RAMEN MISOYA: “Me So” Salty!!!

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Dear Food Diary:
Yes, winter is here and “ramen season” has started, but is there room on this tiny island of Manhattan for yet another ramen joint? Apparently so. With stores in Tokyo, Kyoto, Silicon Valley and Taipei, I wasn’t going to let this one by without slurping a big bowl of steaming goodness.
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Ramen Misoya took over that “doomed” spot on 2nd Ave, right around the corner of St. Mark Place. Over the years, this narrow little space has hosted a number of eateries, none memorable. There’s a tv screen on the back showing you the kitchen, sort of like an open kitchen I guess? Though nothing beats sitting at Totto Ramen’s counter and watching them torch the pork and prep your ramen.
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The menu consist of 3 different types of miso(miso paste is made with fermenting rice, barley and or soybeans with salt and fungus. Different combinations/fermenting time/preparation make the types of miso).

• Kome MisoHokkaido style is a rice miso, the color is more yellowish and is made from boiled soybean (steaming the soybean would darken the color). Mild in flavor, it’s the most commonly used.
• Shiro Miso Kyoto style is a white miso that has more rice and barley than soybean, hence the lighter color. It’s the most popular since it has a short fermenting time. Sweeter than the darker miso, it has less umami and is mildly salty.
• Mame Miso Nagoya Hagyo style is a soybean miso, it’s darker in color, more of a reddish brown. The long maturing of this miso makes it less sweet and stronger umami.
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I went for the Shiro Miso CHA-SHU (which is almost $14). Their broth is made with pork and chicken bone (usually is one or the other). It also has garlic, ginger and seaweed kelp. Unfortunately, the broth was super salty (I’m guessing for the amount of miso), so it overpowered any other flavor and topping (They have potato which I’ve never had). Nothing subtle here. Ultra rich with a layer of fat floating, which I’m ok with, but did I mention it’s just overly salty?! It’s not like I eat light, low sodium or anything, in fact, my mom complains of my salt intake in general, so if this was salty for me, I’m pretty sure it is. Any doctor would be horrified with this level of sodium.
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The noodle was good. Thick and bouncy, but it wasn’t enough to balance the saltiness of the broth.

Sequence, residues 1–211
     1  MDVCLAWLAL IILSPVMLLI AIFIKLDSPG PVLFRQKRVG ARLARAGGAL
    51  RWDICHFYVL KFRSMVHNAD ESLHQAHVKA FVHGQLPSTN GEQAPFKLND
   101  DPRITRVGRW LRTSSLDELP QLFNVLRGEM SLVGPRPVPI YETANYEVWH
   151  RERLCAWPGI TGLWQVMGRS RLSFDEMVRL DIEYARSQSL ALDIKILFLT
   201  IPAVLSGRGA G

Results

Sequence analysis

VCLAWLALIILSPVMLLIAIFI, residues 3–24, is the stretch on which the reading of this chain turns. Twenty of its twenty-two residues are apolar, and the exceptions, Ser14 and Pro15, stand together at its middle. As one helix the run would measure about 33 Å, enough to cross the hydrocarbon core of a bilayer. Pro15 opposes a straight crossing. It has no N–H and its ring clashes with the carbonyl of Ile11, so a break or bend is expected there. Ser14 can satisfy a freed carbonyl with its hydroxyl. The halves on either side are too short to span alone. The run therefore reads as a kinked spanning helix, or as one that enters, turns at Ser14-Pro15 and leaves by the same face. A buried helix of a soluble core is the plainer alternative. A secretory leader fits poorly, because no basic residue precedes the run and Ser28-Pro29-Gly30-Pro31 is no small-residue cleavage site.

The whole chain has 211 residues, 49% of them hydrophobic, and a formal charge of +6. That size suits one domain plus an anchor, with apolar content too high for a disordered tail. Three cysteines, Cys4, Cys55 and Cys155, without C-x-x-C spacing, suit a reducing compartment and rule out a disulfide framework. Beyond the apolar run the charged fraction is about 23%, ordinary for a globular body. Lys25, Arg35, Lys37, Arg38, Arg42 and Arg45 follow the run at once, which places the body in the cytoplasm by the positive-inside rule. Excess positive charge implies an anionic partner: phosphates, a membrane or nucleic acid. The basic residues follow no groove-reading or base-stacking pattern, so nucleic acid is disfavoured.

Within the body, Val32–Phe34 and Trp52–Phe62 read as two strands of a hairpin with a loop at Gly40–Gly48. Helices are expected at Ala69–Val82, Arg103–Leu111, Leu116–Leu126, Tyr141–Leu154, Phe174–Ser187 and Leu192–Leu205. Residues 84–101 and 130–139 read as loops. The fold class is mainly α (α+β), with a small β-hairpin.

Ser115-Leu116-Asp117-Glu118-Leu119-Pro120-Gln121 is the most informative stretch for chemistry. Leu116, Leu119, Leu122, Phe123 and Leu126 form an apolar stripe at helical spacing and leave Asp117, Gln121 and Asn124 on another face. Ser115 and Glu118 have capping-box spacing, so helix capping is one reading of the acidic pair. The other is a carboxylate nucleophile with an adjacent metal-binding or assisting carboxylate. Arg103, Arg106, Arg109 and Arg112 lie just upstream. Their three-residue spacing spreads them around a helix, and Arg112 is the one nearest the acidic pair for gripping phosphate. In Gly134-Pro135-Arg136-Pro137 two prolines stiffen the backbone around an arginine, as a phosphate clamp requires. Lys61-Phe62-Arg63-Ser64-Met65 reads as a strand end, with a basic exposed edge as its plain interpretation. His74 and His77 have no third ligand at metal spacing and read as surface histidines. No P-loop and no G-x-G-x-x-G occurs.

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Their homemade pork cha shu was a winner. Nice thick pieces of tender fatty pork. The outside is nicely marinated and flavorful (with their secret marinade), I tasted some soy sauce involved. Perfectly grilled edges. Drooling chard flavors. This is my favorite pork out of all the ramen places, yes, I just said it! My favorite… too bad the broth wasn’t a hit.

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StalkerBoy saw miso, cheese and butter broth on the seasonal menu and couldn’t resist. I on the other hand was put off by all of those ingredients together in a hot soup. Separately I love, but fusion like this is not my thing. Yes, that is a dab of butter on top, this is fit for those with the same palate as Paula Deen. The “snow powder” is a visual play on grated Parmigiano cheese. Once the cheese hit the broth, it stuck together and chunks were floating amongst the sea of salt. A big bowl of thick, warm and heart clogging fat. Yeah, this was also very very salty as well. It was definitely a spoonful I would never want to repeat again.

I was hoping love at first slurp… and kick the long wait for Ippudo and Totto Ramen to the curb, but unfortunately I’ll have to get back in line (sigh). Though I loved the pork cha shu, it wasn’t enough to make me want to skip the lines elsewhere and come back for another bowl. In the end…What did the Miso Ramen say? “Me so” SALTY!!! I had to drink bottles of water afterwards, no joke.

P.S. Chubby’s Rating: chubby rating 2.5
129 Second Avenue (East Village)
Ramen Misoya on Urbanspoon